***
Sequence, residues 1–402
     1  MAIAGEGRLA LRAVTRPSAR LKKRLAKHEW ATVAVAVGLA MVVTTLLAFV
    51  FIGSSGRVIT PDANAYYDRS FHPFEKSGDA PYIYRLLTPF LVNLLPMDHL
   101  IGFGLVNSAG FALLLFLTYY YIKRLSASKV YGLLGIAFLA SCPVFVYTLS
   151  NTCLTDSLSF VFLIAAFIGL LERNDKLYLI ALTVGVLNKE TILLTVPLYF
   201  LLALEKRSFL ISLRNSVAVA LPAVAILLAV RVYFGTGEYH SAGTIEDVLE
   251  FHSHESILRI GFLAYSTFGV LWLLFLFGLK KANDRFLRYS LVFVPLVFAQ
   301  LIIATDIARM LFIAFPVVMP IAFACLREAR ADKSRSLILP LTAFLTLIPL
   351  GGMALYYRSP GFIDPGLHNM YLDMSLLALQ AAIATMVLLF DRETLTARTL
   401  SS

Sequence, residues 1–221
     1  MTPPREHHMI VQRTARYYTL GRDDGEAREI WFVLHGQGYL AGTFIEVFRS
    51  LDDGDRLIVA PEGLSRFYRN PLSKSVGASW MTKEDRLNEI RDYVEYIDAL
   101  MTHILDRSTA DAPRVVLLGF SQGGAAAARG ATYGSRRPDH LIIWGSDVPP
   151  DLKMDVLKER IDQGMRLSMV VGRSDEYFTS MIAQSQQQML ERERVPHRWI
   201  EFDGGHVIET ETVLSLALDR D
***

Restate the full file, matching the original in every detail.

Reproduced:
Sequence, residues 1–402
     1  MAIAGEGRLA LRAVTRPSAR LKKRLAKHEW ATVAVAVGLA MVVTTLLAFV
    51  FIGSSGRVIT PDANAYYDRS FHPFEKSGDA PYIYRLLTPF LVNLLPMDHL
   101  IGFGLVNSAG FALLLFLTYY YIKRLSASKV YGLLGIAFLA SCPVFVYTLS
   151  NTCLTDSLSF VFLIAAFIGL LERNDKLYLI ALTVGVLNKE TILLTVPLYF
   201  LLALEKRSFL ISLRNSVAVA LPAVAILLAV RVYFGTGEYH SAGTIEDVLE
   251  FHSHESILRI GFLAYSTFGV LWLLFLFGLK KANDRFLRYS LVFVPLVFAQ
   301  LIIATDIARM LFIAFPVVMP IAFACLREAR ADKSRSLILP LTAFLTLIPL
   351  GGMALYYRSP GFIDPGLHNM YLDMSLLALQ AAIATMVLLF DRETLTARTL
   401  SS

Sequence, residues 1–221
     1  MTPPREHHMI VQRTARYYTL GRDDGEAREI WFVLHGQGYL AGTFIEVFRS
    51  LDDGDRLIVA PEGLSRFYRN PLSKSVGASW MTKEDRLNEI RDYVEYIDAL
   101  MTHILDRSTA DAPRVVLLGF SQGGAAAARG ATYGSRRPDH LIIWGSDVPP
   151  DLKMDVLKER IDQGMRLSMV VGRSDEYFTS MIAQSQQQML ERERVPHRWI
   201  EFDGGHVIET ETVLSLALDR D